In v. 5, Jude reminds the readers of what they already knew about the Israelites: God “…at one time delivered his people out of Egypt, but later destroyed those who did not believe.” This is a significant statement, for through this urgent reminder, Jude recalls the Old Testament principle that people who had been previously “saved” were later destroyed for their unbelief (see also the similar argument in Heb 4). This Old Testament principle is significant in and of itself, but Jude applies it to his New Testament churches. This is the first of several Old Testament lessons in Jude that are retold in order to warn New Testament believers.
The second lesson is similar. Jude points to the fallen angels, explaining that their prior position of security did not keep them from falling into ultimate judgment: “And the angels who did not keep their positions of authority but abandoned their proper dwelling—these he has kept in darkness, bound with everlasting chains for judgment on the great Day.
By “reminding” them of these Old Testament lessons, Jude is issuing warnings to his churches: just because you sit in a favored position does not mean that you cannot forfeit your privileged status. The NLT draws this point out well in its translation of v. 12: “When these people eat with you in your fellowship meals commemorating the Lord’s love, they are like dangerous reefs that can shipwreck you.”
The only clear safeguard against the influence of the false teachers is spiritual growth and abiding in Christ: “But you, dear friends, by building yourselves up in your most holy faith and praying in the Holy Spirit, keep yourselves in God’s love as you wait for the mercy of our Lord Jesus Christ to bring you to eternal life” (vv. 20-21).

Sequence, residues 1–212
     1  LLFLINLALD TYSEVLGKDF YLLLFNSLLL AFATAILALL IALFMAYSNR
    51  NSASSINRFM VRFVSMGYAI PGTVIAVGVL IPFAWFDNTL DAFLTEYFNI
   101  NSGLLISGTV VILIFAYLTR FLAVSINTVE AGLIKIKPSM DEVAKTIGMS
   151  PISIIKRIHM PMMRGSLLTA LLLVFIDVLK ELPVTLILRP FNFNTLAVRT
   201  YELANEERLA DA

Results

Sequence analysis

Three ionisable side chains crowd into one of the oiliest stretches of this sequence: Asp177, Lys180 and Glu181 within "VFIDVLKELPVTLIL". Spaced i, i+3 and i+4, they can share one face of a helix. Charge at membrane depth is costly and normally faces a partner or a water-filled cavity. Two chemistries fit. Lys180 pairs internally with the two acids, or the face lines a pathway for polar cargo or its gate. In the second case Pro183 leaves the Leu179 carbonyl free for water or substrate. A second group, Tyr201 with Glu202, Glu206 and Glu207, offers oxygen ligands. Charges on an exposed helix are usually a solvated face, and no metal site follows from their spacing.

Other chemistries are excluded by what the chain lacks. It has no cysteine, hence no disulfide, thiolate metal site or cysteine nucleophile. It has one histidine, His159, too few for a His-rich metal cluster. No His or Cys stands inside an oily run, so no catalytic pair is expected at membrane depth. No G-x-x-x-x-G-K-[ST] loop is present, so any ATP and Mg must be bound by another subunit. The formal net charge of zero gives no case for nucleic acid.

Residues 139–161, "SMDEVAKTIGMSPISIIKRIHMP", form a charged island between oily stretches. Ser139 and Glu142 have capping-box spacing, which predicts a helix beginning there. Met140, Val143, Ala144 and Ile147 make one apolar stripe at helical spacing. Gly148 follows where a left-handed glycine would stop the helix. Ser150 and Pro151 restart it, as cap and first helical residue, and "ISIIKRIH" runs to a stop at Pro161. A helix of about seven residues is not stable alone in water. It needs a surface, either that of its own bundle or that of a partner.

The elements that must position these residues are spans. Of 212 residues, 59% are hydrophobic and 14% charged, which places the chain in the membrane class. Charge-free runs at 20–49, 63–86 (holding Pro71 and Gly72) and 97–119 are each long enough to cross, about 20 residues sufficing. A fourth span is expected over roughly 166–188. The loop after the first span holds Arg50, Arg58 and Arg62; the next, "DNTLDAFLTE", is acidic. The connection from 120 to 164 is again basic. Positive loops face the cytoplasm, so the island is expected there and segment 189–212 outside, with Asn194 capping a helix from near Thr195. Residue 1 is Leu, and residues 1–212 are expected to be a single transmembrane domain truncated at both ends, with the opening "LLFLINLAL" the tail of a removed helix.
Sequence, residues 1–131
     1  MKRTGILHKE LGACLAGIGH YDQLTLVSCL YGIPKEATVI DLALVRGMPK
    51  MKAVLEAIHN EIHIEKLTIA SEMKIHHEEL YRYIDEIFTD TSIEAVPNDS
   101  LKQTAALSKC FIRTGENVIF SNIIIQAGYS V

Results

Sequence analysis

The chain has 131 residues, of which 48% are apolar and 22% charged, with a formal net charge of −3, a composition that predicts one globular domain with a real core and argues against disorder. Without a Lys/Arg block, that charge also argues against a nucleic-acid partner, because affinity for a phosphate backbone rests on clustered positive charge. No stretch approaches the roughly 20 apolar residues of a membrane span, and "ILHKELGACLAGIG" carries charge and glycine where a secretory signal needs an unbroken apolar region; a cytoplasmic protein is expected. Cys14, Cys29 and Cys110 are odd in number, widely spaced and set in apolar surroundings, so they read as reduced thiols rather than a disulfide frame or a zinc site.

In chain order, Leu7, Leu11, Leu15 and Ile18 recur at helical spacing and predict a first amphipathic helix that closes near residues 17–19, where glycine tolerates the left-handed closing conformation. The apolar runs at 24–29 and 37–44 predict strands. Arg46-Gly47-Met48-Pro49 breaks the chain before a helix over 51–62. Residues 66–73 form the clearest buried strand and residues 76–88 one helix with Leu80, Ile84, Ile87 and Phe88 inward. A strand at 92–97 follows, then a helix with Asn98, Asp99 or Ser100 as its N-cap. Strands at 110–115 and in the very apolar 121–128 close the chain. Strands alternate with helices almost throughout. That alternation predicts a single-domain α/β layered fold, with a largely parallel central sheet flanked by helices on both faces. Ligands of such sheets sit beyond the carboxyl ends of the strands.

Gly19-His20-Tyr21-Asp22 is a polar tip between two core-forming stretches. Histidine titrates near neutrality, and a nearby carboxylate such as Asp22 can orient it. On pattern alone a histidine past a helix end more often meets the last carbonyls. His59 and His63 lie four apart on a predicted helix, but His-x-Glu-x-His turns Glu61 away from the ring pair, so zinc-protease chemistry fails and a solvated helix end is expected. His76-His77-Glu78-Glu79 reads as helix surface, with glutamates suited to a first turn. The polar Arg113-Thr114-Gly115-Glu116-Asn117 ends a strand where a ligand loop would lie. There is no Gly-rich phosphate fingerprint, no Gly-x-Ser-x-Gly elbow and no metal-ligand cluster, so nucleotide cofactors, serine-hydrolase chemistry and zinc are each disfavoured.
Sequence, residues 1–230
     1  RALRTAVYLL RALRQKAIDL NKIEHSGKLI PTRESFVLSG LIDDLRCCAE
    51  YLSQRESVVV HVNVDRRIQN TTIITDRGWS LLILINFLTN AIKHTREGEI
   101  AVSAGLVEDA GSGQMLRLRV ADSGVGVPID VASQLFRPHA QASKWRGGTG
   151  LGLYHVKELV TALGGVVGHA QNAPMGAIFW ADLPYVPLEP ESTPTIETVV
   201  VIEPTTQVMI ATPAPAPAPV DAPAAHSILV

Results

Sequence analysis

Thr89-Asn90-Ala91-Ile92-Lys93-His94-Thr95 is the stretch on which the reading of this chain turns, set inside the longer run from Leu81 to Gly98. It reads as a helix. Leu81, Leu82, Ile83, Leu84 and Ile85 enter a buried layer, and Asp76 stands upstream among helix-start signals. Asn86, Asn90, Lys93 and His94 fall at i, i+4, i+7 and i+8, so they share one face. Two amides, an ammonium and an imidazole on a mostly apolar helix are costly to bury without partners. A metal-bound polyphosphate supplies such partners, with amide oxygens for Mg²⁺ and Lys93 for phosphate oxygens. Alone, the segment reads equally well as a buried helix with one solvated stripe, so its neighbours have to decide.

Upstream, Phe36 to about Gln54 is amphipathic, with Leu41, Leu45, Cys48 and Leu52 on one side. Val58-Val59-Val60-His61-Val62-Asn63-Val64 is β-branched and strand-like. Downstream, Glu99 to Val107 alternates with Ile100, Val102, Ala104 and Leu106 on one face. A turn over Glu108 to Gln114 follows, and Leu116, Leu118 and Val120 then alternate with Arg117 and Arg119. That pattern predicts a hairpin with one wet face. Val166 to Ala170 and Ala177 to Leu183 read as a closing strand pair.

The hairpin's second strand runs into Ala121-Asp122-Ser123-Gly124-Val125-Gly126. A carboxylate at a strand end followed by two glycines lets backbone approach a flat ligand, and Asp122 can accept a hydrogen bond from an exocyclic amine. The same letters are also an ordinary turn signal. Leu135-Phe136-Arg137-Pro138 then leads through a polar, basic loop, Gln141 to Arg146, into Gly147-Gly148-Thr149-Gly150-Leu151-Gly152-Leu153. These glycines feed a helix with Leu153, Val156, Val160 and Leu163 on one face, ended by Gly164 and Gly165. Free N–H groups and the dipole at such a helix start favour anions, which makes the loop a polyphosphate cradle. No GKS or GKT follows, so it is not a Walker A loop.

Jude concludes with some practical advice to the church about dealing with three different categories of people: “Be merciful to those who doubt; save others by snatching them from the fire; to others show mercy, mixed with fear—hating even the clothing stained by corrupted flesh.” Especially relevant for our topic of security, Jude urges all effort to rescue “from the fire” those members of the congregation who were most in danger.
As happens elsewhere, these apostolic warnings are followed by an encouraging word. The encouraging word does not negate such warnings. Jude does not conclude his letter by saying, “I have issued you warnings, but these warnings are only rhetorical and not to be taken as real threats.” Rather, the word of encouragement is meant to reinforce the teaching that Jesus protects those who abide in him, and this makes for one of the Bible’s most loved benedictions:
To him who is able to keep you from stumbling and to present you before his glorious presence without fault and with great joy— to the only God our Savior be glory, majesty, power and authority, through Jesus Christ our Lord, before all ages, now and forevermore! Amen.
Conclusion: Although it is quite short, the letter of Jude is one such example where verses that contradict eternal security are found in a context which actually does focus on continuance in salvation. By themselves, any prooftexts in Jude are not all that impressive. But when taken together with the larger context of Jude, these verses become all the surer guideposts that warn that believers may shipwreck their faith and fall under the severest judgment.’
source: James M. Leonard, “Eternal Security and Exegetical Overview of the Book of Jude Eternal Security and Making Shipwreck of One’s Faith in the Book of Jude” (arminianbaptist).